IDF Chief of Staff: Don't touch the bereaved families

Kochavi fails to mention the name of the Farkash family in the letter which came several days after the demonstrators were condemned by politicians including the PM.

IDF Chief of Staff Aviv Kochavi speaks at the officers graduation ceremony, July 1st, 2020 (photo credit: IDF SPOKESMAN’S UNIT)
IDF Chief of Staff Aviv Kochavi speaks at the officers graduation ceremony, July 1st, 2020
(photo credit: IDF SPOKESMAN’S UNIT)
IDF Chief of Staff Lt.-Gen. Aviv Kochavi issued a rare political statement condemning recent protests by supporters of Prime Minister Benjamin Netanyahu against a bereaved family, saying that such actions were “a redline.”
The letter, which opened with “Do not touch the bereaved,” came several days after the family of Capt. Tom Farkash, who was killed when his helicopter crashed near Safed during the Second Lebanon War, were the target of protests after they let anti-Netanyahu protesters use their rooftop near the prime minister’s home in Caesarea.
“The State of Israel is a lively and vibrant democracy. This is a source of strength that is expressed in open public discourse; a plurality of opinions and independent thinking, which is important to preserve and encourage,” he wrote. “However, there are topics that must be left outside any debate, foremost the fallen and bereaved families. They need to be given special and unique treatment.”
The incident on Tuesday, where one protester even wished that Farkash’s mother Anat lose another child, led to widespread outrage. The protester, Ephraim Grif, later apologized for his comments on Channel 12.
Nevertheless, Anat expressed outrage following the incident, saying that the demonstrators “came to attack” and curse at a family who lost a son while defending the country.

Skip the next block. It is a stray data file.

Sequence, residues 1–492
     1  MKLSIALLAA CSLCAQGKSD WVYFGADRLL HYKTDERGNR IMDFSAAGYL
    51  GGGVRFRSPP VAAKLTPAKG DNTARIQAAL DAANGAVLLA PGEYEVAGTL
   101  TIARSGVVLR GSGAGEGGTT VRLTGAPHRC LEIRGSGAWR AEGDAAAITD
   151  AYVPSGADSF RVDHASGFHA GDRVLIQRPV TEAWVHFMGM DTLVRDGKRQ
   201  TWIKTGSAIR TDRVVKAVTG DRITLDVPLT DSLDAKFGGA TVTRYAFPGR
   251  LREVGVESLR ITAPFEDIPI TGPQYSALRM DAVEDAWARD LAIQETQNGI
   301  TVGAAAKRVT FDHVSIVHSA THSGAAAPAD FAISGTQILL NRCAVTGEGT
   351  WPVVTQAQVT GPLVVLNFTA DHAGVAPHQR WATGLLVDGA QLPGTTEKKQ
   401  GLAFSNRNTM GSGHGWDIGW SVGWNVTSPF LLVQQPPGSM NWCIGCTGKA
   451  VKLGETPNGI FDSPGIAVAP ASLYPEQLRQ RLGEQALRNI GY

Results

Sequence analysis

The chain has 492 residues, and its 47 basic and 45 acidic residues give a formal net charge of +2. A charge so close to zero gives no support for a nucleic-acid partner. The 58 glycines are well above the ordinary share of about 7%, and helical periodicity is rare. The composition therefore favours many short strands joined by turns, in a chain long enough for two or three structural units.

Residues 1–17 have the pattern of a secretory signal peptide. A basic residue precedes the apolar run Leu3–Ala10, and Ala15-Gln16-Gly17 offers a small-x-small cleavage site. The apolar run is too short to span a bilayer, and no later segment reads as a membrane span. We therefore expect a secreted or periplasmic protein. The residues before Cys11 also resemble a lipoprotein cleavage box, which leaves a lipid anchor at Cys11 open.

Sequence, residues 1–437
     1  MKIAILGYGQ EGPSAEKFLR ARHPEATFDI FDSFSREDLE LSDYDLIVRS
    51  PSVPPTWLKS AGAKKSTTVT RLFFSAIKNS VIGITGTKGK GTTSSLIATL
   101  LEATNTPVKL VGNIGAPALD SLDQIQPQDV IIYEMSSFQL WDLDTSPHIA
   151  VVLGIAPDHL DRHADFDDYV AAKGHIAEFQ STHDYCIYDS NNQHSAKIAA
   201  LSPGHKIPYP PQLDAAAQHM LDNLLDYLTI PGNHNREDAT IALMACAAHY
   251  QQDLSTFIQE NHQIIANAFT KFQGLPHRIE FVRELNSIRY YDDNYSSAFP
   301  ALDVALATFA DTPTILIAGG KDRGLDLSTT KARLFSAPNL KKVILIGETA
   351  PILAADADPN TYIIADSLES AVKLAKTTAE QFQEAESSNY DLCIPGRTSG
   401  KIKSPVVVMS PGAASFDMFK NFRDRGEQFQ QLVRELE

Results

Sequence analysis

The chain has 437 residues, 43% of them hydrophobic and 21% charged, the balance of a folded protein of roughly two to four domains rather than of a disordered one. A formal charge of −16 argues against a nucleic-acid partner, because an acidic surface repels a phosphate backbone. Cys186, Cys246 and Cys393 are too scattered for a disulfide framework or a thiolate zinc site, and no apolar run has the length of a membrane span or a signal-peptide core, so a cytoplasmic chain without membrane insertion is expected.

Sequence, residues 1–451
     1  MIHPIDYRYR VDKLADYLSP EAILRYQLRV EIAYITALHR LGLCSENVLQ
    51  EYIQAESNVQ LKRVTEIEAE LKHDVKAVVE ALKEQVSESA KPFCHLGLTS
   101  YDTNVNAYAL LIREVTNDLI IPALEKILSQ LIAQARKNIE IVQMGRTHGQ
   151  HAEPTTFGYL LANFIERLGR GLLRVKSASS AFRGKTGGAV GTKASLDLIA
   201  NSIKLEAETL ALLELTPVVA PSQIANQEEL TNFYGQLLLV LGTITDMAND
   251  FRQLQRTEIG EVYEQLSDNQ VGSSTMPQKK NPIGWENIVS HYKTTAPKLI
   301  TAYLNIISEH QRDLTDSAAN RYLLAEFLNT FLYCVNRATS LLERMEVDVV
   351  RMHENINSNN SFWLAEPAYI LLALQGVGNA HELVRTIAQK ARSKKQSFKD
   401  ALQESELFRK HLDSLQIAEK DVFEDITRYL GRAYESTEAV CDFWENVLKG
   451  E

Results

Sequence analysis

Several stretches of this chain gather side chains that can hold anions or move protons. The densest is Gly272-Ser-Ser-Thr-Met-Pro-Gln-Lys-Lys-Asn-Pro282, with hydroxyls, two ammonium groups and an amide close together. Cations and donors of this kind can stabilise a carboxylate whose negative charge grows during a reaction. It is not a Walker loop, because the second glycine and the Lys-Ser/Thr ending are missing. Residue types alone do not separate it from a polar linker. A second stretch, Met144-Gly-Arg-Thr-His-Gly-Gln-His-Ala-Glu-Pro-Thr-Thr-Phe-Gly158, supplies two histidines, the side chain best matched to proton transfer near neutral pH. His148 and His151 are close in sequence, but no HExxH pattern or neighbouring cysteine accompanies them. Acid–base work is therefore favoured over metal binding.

“Our son gave his life so that they, their children, and all the residents of the State of Israel will have a safe life. How did we get here? Shame on the police who allowed them to stand under our window and did nothing!” she exclaimed.
“How low have Bibi’s supporters sunk? How low did Bibi sink?” she continued. “Dear Likudniks who stood under our window tonight: we are fighting for all the citizens of Israel. Our Tom was killed for you as well. We all deserve better.”
In the letter, Kochavi said that the country will “maintain and protect” the honor of all fallen soldiers and their families.
“This is a moral and humane redline that must not be crossed,” he said, adding that “at every opportunity, we must cherish bereaved families, care for them and embrace them. We’ll argue, we’ll disagree with each other, we’ll express a variety of opinions – but we’ll guard the families.
“This is our duty to ourselves so that we do not slide down a slope of social schism, and it is our duty toward them – a national, moral, and humane duty.”
Kochavi did not mention the family by name in the letter, which came days after Netanyahu, President Reuven Rivlin, Defense Minister Benny Gantz, opposition leader Yair Lapid and other Knesset members condemned the protesters. Israel Air Force Commander Maj.-Gen. Amikam Norkin was also reported to have visited the family during the week.
Though one of the protesters yelled that Netanyahu is also bereaved, the prime minister said in his statement released by the Likud Party that he has “throughout his life fastidiously respected the sense of loss of bereaved families, and others – from the Left and Right – must conduct themselves in a similar fashion.”